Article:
Last week the Illinois Senate Local Government Committee approved legislation OPPOSED by the IAR. Senate Bill 3001, sponsored by Senator Susan Garrett would permit all counties the authority to establish an affordable housing trust fund by imposing ANOTHER surcharge on the recordation of any real estate related documents. Fees would be imposed by ordinance of the county board WITHOUT VOTER APPROVAL for the purpose of providing financial support for affordable housing activities for low and moderate income households “as determined by the county board.”

The bill grants a county board the authority to impose a charge that begins at $5 in 2010 and 2011 which can be increased up to $10 after 2019. The IAR argued against this proposal in committee debate and was very disappointed in the 6-2 roll call vote. The bill is currently on final passage stage in the Senate and IAR is urging its members to contact your state legislator to ask for a NO vote on SB 3001.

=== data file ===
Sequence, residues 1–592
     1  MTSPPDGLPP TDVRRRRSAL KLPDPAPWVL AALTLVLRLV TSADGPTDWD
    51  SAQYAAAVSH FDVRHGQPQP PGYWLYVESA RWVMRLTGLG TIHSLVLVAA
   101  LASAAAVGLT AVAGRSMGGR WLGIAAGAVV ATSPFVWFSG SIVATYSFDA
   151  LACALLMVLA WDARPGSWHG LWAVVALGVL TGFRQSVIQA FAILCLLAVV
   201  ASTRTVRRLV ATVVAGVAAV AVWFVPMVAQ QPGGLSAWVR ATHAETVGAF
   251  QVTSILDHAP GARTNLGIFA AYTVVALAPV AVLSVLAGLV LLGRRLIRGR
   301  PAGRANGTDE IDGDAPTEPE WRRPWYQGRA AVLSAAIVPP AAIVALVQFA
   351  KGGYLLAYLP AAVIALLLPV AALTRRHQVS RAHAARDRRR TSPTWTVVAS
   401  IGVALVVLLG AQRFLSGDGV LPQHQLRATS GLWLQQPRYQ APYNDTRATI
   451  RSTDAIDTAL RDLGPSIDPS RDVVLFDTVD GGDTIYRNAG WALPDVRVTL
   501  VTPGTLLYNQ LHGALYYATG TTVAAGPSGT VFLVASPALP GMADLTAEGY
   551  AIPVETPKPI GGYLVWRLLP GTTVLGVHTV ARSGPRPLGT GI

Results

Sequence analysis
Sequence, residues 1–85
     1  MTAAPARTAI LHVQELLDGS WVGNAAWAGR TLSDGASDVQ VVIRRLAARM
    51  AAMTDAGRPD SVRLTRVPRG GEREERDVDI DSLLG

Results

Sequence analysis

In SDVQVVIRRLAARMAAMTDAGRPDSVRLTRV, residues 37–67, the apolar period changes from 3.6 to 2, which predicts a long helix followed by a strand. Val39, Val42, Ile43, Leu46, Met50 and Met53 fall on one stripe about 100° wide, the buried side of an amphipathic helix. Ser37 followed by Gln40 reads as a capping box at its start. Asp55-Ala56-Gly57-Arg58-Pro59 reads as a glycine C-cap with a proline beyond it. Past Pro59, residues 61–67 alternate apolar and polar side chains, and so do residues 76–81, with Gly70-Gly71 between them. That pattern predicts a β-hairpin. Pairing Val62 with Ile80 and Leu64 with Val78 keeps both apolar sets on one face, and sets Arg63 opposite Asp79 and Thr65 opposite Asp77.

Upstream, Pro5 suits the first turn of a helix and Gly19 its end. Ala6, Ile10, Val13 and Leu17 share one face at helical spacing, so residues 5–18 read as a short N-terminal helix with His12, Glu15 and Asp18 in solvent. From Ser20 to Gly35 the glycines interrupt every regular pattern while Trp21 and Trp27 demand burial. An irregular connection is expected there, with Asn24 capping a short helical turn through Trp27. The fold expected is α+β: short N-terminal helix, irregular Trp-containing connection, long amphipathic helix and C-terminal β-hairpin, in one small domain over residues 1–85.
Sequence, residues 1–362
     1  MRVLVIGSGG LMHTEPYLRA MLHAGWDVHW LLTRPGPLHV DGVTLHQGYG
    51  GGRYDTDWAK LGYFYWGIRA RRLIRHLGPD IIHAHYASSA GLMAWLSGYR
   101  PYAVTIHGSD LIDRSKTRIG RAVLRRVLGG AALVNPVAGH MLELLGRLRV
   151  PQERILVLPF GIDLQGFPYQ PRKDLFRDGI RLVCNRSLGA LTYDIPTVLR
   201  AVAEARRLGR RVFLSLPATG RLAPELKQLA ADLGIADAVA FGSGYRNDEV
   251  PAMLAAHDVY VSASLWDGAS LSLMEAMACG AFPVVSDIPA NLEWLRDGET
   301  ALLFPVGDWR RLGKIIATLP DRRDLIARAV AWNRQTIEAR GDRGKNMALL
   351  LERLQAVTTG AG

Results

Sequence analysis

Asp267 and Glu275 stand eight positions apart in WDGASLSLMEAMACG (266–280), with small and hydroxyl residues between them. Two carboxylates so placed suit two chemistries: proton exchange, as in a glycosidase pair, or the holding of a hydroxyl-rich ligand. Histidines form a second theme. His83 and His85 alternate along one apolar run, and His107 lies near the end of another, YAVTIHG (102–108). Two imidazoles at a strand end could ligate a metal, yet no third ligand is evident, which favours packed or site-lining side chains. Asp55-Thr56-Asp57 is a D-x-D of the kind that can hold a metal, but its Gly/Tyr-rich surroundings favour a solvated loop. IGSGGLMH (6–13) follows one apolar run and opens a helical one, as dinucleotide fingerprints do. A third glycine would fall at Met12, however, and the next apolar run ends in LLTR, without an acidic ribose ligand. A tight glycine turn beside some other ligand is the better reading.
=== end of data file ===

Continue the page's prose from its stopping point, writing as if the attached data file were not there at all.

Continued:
Today the Senate Judiciary Committee will consider IAR initiative Senate Bill 3747, which creates the Transfer Fee Covenant Act. The concept of these private transfer fees is that a covenant is recorded on property that requires future buyers or sellers to pay a transfer fee to whoever is designated in the covenant on all future transfers. These covenants set a dangerous precedent in attempting to establish a new estate in real property separate and apart from any possessory interest in the real property. SB 3747 declares these transfer fee covenants to be invalid and against public policy.

Finally, thanks to the hundreds of Illinois REALTORS® who responded to our Call to Action regarding House Bill 5071 that was scheduled for a hearing last week in the House Business and Occupational Licenses Committee. The Committee hearing was cancelled last week but the bill could be called this week.

HB 5071 is an initiative of the Homebuilders Association and is STRONGLY OPPOSED by the IAR. HB 5071 deletes the “regular employee” definition within the Real Estate License Act. As you are aware, the Real Estate License Act has always had a provision exempting an individual or entity that is selling or leasing its own property from needing a license to do so. This exemption had included the “regular employees” of such owner or lessor. However, this limitation had never been clearly defined and the regulating agency, the Illinois Department of Financial and Professional Regulation sought clarity in the meaning of the term, and so a definition was added to the rewrite. This is a significant consumer protection issue.